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Thứ Sáu, 25 tháng 4, 2014


Objectives—The aim of this study was to identify the main influencing factor of the shear wave velocity (SWV) of the kidneys measured by acoustic radiation force impulse elastography.
Methods—The SWV was measured in the kidneys of 14 healthy volunteers and 319 patients with chronic kidney disease. The estimated glomerular filtration rate was calculated by the serum creatinine concentration and age. As an indicator of arteriosclerosis of large vessels, the brachial-ankle pulse wave velocity was measured in 183 patients.
Results—Compared to the degree of interobserver and intraobserver deviation, a large variance of SWV values was observed in the kidneys of the patients with chronic kidney disease. Shear wave velocity values in the right and left kidneys of each patient correlated well, with high correlation coefficients (r = 0.580–0.732). The SWV decreased concurrently with a decline in the estimated glomerular filtration rate. A low SWV was obtained in patients with a high brachial-ankle pulse wave velocity. Despite progression of renal fibrosis in the advanced stages of chronic kidney disease, these results were in contrast to findings for chronic liver disease, in which progression of hepatic fibrosis results in an increase in the SWV. Considering that a high brachial-ankle pulse wave velocity represents the progression of arteriosclerosis in the large vessels, the reduction of elasticity succeeding diminution of blood flow was suspected to be the main influencing factor of the SWV in the kidneys.
Conclusions—This study indicates that diminution of blood flow may affect SWV values in the kidneys more than the progression of tissue fibrosis. Future studies for reducing data variance are needed for effective use of acoustic radiation force impulse elastography in patients with chronic kidney disease. 
Key Words—acoustic radiation force impulse; brachial-ankle pulse wave velocity; chronic kidney disease; genitourinary ultrasound; renal blood flow; shear wave velocity.

Quantification of Kidney Stiffness by ARFI Elastography 

The SWV was measured with an Acuson S2000 ultrasound system (Siemens Medical Solutions) using a 3.5-MHz convex probe. Kidney images were obtained in the prone position so that the longitudinal section was visible on the monitor. An ROI of 10 × 5 mm was set adjacent to the inferior pole of the cortex in the dorsal area of the renal parenchyma to exclude vessels depicted by the color Doppler mode. Placement of the ROI was accurate in almost all participants. To prevent respiratory motion the SWV was measured on inhalation breath holding 5 to 6 times consecutively by a sonographer. The mean SWV values were calcul ated in the right and left kidneys, respectively. While being blinded to the clinical data, 2 experienced sonographers (J.T. and  Y.T.) performed ARF elastography.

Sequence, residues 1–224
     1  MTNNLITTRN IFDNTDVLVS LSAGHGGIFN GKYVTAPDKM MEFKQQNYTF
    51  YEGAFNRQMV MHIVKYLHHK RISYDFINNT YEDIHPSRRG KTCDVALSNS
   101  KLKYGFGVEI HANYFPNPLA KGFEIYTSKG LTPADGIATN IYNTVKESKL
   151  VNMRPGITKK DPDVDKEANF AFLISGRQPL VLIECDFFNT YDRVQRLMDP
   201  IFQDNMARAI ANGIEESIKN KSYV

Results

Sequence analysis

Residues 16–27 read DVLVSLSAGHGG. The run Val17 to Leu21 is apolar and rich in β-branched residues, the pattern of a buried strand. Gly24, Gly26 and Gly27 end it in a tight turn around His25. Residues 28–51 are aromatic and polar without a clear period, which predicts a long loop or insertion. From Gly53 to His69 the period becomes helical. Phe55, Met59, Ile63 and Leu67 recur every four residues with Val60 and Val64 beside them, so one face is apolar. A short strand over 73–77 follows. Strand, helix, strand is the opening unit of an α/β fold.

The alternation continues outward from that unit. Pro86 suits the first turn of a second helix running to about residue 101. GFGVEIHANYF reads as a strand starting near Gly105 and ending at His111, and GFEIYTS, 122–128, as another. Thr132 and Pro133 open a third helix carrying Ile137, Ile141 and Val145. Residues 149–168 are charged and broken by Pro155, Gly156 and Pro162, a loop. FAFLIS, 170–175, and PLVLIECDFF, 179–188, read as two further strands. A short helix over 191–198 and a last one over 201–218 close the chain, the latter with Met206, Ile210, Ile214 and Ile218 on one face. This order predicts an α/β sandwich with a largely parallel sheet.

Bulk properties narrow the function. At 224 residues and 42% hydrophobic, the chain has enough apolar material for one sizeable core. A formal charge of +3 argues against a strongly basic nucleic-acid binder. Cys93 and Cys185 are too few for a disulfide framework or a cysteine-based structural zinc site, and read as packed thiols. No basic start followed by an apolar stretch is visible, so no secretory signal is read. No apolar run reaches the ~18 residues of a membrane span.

In ARFI elastography for chronic liver disease, the SWV increases in more advanced stages because progressing interstitial fibrosis predominantly affects tissue elasticity, as observed in liver cirrhosis.
However, the main affecting factor of ARFI elastography in the kidneys has not been elucidated presumably for two reasons. Namely, a large variance of SWV values in the kidneys, as demonstrated by Goertz et al, has yielded results with low reliability, and the degree of interstitial fibrosis in the kidneys of patients with chronic kidney disease is not as marked as that in chronic liver disease. Since approximately 20% of cardiac output flows into the kidneys, which constitute less than 1% of body mass, we suspected that renal blood flow might be the main influencing factor of the SWV in the kidneys instead of interstitial fibrosis.
In the feasibility study, interobserver and intraobserver deviation was proven to be small when the SWV was measured in the kidney of a healthy volunteer. Although no significant correlation was obtained between SWV and estimated GFR values in 14 healthy volunteers in the first trial, a significant correlation was found between the SWV and estimated GFR when the ROI setting and measurement timing during arterial pulsation were reviewed. Interestingly, the SWV decreased concurrently with a decline in the estimated GFR in all cohorts of patients with chronic kidney disease despite the large variance noted. This finding means that kidney tissue stiffness decreases at advanced stages of chronic kidney disease despite the increasing prominence of interstitial fibrosis. Low SWV values were obtained in patients with a high brachial-ankle PWV. Considering that the brachial-ankle PWV represents arteriosclerosis of large vessels, we hypothesized that diminution of renal blood flow succeeding atherosclerosis of renal arteries may cause decreased elasticity of renal parenchyma in advanced chronic kidney disease. We also assumed that the large variance of SWV values in the kidneys of patients with chronic kidney disease derived from the structural heterogeneity of renal parenchyma and pressure fluctuation resulting from pulsating blood flow, rather than technical variance in measurement.